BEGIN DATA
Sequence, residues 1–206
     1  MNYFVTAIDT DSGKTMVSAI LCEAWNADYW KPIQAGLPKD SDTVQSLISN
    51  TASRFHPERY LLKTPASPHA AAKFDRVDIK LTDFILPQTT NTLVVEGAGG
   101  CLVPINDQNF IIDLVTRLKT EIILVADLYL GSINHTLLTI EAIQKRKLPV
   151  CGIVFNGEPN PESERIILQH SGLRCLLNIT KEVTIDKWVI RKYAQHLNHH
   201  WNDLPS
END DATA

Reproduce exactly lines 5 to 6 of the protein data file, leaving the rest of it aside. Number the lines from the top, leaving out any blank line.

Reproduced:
   151  CGIVFNGEPN PESERIILQH SGLRCLLNIT KEVTIDKWVI RKYAQHLNHH
   201  WNDLPS